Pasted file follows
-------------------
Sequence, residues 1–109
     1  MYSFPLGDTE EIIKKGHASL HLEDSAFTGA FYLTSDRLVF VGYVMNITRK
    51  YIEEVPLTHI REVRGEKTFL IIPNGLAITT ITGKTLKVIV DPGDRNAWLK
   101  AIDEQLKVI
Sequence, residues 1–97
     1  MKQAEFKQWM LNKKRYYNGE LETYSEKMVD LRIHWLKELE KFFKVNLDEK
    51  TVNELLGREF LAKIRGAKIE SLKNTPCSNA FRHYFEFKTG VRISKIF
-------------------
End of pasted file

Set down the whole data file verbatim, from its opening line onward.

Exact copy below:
Sequence, residues 1–109
     1  MYSFPLGDTE EIIKKGHASL HLEDSAFTGA FYLTSDRLVF VGYVMNITRK
    51  YIEEVPLTHI REVRGEKTFL IIPNGLAITT ITGKTLKVIV DPGDRNAWLK
   101  AIDEQLKVI
Sequence, residues 1–97
     1  MKQAEFKQWM LNKKRYYNGE LETYSEKMVD LRIHWLKELE KFFKVNLDEK
    51  TVNELLGREF LAKIRGAKIE SLKNTPCSNA FRHYFEFKTG VRISKIF